1. Tell me about yourself
This is definitely going to be the start of the interview, and possibly the start of every job interview you’ll have thereafter. It’s seemingly harmless, but to be honest this question is the worst. It’s asking you to explain yourself in one minute, maybe two minutes tops. That’s why you need to prep. This is your time to show what makes you unique. That means no answers like, “I’m kind” or “I like school.” They won’t remember those answers. What they will remember is the student who was born with a sixth toe, or the student who’s moved seventeen times. Put those two truths and a lie answers to good use. Use this as your opportunity to stand out.
2. What do you want to major in? Why?
Don’t take this too seriously. They aren’t going to make you sign a contract. You’re allowed to change your mind. This is just your chance to let them know where you see yourself in ten years, and what your current goals are. It’s also a time to reference specific programs or club opportunities their school provides. If you aren’t sure what you want to study, that’s okay too. Be honest. Maybe name a couple of paths you envision for yourself, and say you hope the first year or so will help you figure it out. They’ll appreciate your honesty.
3. What do you do for fun?
Similar to “tell me about yourself,” this question is much more difficult than it seems. While you may spend your free time binge watching Netflix or playing Call of Duty, this isn’t the time to share that. Maybe talk about your volunteer hours, or the small group you lead at church. Talk about hiking trips with your dad, or the books you’ve read. Use your discernment in what you choose to share—and what you don’t. Once again they want to get to know you, and this is your chance to share what you do.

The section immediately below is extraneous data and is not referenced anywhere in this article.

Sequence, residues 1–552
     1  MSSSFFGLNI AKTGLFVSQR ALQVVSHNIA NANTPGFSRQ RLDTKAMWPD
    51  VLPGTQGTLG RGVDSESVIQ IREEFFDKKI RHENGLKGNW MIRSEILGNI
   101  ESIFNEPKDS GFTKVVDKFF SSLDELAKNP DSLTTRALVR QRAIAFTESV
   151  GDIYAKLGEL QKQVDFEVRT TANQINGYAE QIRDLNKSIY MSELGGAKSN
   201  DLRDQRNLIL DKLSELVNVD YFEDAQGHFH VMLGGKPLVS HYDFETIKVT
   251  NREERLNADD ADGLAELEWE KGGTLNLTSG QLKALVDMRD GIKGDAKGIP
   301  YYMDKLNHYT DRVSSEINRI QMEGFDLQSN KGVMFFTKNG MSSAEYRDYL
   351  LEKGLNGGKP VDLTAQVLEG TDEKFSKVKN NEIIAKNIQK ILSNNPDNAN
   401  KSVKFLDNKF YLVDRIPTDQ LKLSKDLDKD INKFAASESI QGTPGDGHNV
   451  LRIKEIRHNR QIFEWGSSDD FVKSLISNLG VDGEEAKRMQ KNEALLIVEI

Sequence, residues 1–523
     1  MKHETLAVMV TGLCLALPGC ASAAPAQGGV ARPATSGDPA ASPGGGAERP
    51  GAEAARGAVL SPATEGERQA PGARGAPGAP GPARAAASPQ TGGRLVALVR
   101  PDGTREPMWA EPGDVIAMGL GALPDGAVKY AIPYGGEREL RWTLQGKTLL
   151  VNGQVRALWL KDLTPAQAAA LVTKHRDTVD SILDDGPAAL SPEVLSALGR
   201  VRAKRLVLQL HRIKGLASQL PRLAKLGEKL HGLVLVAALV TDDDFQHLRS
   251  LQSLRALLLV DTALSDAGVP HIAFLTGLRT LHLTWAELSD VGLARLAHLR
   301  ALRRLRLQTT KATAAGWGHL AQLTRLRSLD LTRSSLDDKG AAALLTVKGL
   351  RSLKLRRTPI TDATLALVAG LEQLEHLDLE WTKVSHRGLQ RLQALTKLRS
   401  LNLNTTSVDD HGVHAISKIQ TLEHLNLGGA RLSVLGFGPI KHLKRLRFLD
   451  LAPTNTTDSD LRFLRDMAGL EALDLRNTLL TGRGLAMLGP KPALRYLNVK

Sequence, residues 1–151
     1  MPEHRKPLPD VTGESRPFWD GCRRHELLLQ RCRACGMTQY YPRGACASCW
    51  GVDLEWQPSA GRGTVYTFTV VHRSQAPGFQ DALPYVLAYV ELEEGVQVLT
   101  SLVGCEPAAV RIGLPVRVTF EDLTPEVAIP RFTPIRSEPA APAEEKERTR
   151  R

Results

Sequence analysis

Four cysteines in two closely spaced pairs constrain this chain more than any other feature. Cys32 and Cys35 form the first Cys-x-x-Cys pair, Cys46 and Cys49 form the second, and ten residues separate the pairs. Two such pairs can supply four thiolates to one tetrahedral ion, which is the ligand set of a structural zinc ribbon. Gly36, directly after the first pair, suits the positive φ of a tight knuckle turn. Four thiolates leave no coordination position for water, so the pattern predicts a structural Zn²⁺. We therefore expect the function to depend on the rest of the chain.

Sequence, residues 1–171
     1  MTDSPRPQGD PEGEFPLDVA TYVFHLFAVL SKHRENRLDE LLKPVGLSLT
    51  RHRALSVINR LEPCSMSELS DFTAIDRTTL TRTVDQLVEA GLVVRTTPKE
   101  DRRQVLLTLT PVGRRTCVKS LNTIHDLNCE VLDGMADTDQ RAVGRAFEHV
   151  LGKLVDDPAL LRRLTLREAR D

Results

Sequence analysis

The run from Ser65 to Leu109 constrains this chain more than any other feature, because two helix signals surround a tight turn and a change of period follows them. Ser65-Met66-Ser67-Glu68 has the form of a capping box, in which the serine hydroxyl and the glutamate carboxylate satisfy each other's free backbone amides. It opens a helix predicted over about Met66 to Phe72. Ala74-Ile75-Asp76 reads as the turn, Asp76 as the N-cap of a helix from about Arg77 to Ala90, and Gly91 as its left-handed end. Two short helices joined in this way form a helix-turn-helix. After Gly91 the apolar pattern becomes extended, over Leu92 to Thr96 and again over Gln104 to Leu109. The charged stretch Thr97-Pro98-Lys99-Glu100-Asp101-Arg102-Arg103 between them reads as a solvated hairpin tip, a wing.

4. Do you believe your high school career accurately reflects your abilities?
So maybe you failed chemistry, or maybe the C+ in Brit Lit hangs around your neck like that albatross. Whatever skeletons you have on your transcript, this is the time to explain them. You might not be the 4.0 person, but that doesn’t mean you aren’t worthy of your dream college. Use this time to explain why your transcript is what it is. Talk about extracurricular activities, and how you tried your best to find balance. Honesty goes a long way, and they’ll definitely be impressed if you’re candid enough to admit not turning homework for half of sophomore year. Of course there should be a moral to your cautionary tale. Be sure to include what you learned during the bad semester, and what wisdom you’ll take with you into college.
5. Why our college?
Do your research! While you might have a standard answer for the previous four, this one is going to require customization. It’s also a good chance for you to think about what makes this college special to you. Maybe it’s the socially conscious business program, or the English teacher you’ve always wanted to learn from. Think of why their school made your list, and share that. Use the time to boost their ego. They have pride in their school, and they’re looking for students to share in that.
At the end of the day the interview is a time to show these people who you are. Not all schools have interviews, and it’s often optional. Still, if you live nearby and the school has the option, take it. It’s a great opportunity. Explain to them what you do on the weekends, why you were less than successful at Chemistry, and who you hope to be someday. Put a face to the application sitting in the giant pile.